"Which way is the skater facing" is not relevant to reffing. It's always about the parts of the body she hits or hits with, and the direction & position she's moving along the track. You asked & had this answered a couple weeks ago.

"Proximity" isn't relevant in blocking. That's a pack definition concept. You might replace it in your discussion with "Established/Temporary/Trajectory/Position"

Hip position does determine everything you mentioned, except Out Of Bounds, which is all about contact with the floor.

Skates aren't "safety equipment", so not within our jurisdiction. The only time we care about skate failure is when it leaves debris on the track that other skaters will trip on. During pre-bout equipment check, because some leagues have given skaters false expectations that we'll always check them, I do generally say something along the lines of "Now would be a good time to double-check your toe-stops are tight", but that's just a courtesy.

And finally, the numbering system makes sense in the 43-page rule book, but it's just pointlessly distracting in this single-page list.

Offline mick hawkins

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Re: skater assessment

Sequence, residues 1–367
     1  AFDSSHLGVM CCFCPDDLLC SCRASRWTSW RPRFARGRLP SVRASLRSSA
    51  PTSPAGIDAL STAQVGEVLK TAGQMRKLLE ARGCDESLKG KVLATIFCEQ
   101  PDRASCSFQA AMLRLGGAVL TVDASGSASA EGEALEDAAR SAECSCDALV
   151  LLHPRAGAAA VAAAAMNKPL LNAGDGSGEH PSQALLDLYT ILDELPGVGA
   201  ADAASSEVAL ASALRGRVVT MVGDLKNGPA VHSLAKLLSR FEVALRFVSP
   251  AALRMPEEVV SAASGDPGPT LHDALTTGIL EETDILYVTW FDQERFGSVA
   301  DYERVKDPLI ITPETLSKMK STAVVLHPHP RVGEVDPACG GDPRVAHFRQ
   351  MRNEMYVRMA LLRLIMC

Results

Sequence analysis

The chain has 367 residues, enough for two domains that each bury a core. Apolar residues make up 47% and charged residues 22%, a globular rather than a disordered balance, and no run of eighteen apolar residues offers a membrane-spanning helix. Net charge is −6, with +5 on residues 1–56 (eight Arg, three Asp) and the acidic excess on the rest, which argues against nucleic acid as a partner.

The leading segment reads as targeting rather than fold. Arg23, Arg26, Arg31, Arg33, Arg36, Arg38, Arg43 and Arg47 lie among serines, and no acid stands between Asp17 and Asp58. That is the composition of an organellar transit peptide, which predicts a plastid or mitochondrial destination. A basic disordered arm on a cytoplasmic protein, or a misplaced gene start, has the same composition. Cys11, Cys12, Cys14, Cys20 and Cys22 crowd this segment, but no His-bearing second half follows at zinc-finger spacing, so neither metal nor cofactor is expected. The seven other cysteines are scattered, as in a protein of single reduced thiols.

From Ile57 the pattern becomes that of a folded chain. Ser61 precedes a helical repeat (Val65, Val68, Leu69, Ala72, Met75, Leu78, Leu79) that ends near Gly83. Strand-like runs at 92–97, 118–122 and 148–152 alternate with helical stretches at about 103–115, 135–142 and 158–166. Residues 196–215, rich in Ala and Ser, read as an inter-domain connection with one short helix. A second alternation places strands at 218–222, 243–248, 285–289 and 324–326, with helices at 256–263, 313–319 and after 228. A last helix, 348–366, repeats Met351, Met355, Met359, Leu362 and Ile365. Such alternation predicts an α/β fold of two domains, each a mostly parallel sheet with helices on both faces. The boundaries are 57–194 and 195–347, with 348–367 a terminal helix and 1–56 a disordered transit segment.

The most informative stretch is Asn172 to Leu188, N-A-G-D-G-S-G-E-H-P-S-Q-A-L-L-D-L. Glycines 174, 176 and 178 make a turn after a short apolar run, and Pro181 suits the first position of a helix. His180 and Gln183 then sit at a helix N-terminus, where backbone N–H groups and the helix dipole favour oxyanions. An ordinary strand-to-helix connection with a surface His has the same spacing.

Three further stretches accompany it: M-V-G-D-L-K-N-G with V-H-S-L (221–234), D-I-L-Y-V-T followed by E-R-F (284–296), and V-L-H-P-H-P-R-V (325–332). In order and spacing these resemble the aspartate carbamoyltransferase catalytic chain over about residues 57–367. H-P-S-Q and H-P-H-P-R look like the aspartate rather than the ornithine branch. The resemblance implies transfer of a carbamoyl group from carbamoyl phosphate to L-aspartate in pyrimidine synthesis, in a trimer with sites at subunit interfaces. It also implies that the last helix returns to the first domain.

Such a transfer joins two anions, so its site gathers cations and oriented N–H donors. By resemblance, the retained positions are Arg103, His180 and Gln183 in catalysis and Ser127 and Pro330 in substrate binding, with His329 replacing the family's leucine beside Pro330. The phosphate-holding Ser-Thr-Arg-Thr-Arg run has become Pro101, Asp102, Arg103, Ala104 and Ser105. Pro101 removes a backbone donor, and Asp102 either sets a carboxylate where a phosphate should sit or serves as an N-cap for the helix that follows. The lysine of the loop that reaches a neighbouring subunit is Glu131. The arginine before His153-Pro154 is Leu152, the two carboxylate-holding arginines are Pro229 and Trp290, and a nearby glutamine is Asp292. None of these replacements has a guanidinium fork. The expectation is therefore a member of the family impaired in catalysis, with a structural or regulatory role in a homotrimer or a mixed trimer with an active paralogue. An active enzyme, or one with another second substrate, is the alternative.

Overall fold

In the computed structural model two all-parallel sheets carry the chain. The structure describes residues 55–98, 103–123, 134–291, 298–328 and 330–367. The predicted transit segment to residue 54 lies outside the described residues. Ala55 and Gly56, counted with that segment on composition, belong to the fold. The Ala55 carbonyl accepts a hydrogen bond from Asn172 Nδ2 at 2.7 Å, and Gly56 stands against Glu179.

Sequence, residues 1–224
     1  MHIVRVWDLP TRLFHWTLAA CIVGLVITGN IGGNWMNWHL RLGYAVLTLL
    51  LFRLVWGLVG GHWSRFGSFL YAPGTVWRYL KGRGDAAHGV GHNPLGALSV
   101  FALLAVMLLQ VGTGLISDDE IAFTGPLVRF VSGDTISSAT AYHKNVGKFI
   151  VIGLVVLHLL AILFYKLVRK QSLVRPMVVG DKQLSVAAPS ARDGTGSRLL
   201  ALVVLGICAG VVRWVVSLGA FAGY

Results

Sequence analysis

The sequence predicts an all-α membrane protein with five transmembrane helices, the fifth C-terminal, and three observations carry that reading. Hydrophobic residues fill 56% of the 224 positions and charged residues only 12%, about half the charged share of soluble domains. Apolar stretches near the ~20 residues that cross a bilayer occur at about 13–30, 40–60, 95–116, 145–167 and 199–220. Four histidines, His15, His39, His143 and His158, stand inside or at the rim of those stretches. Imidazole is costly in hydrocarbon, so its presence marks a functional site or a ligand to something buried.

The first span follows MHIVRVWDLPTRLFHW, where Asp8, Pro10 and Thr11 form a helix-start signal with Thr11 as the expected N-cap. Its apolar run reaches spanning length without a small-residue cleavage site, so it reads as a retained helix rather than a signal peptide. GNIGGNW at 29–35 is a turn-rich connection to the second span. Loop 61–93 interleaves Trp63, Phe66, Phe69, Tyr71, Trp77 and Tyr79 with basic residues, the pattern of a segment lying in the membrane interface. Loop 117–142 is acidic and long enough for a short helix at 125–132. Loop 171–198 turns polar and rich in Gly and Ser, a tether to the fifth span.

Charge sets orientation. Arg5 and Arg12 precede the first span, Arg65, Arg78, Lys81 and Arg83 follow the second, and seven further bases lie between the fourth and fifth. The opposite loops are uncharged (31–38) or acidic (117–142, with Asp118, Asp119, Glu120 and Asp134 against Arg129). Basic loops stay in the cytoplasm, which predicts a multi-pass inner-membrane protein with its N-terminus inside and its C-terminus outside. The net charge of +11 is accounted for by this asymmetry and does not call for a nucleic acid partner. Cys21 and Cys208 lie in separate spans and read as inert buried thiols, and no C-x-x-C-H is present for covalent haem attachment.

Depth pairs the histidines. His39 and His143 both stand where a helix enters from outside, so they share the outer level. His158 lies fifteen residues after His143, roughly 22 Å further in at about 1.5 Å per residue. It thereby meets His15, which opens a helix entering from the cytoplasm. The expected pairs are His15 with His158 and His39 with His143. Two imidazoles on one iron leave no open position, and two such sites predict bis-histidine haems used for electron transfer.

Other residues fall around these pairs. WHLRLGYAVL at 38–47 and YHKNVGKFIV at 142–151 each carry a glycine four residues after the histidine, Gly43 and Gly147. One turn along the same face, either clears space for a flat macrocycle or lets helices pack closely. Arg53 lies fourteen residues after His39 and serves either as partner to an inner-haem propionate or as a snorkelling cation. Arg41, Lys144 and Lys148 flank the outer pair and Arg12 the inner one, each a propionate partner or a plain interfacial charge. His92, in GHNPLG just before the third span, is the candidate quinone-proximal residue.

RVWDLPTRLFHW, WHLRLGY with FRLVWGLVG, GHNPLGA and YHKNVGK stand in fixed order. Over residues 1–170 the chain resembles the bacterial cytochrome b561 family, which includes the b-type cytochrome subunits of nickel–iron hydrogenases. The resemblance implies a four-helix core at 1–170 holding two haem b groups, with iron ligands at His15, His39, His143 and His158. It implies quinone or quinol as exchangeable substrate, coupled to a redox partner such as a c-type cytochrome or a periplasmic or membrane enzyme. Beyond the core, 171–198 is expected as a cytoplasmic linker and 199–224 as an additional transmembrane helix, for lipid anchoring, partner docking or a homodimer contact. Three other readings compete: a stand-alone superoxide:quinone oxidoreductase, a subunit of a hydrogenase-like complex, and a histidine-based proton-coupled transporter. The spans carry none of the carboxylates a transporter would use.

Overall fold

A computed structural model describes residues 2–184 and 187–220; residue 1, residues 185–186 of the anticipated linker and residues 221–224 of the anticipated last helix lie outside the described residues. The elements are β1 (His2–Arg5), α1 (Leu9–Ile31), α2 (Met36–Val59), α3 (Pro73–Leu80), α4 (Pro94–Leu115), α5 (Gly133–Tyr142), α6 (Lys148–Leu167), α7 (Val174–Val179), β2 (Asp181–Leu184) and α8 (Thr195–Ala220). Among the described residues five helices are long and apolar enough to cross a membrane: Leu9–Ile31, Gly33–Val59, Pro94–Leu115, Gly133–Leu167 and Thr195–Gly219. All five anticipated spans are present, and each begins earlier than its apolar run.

« Reply #3 on: October 25, 2011, 12:19:03 am »
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I don't understand the list at all.

Instead of trying to invent resources for your Refs, I recommend you start with the WFTDA Officiating Manual
http://wftda.com/store/wftda/item/55110001

... and encourage all your Refs to get a copy each.
Sun State Roller Girls (WFTDA Apprentice League)
Brisbane, Australia

Offline fiona poppins

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Re: skater assessment
« Reply #4 on: October 25, 2011, 08:27:56 am »
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aright the piont of the assessment is for lets says a speed skater fresh off the rink looking for something fun to to do he wants to ref derby he has never seen derby and knows nothing.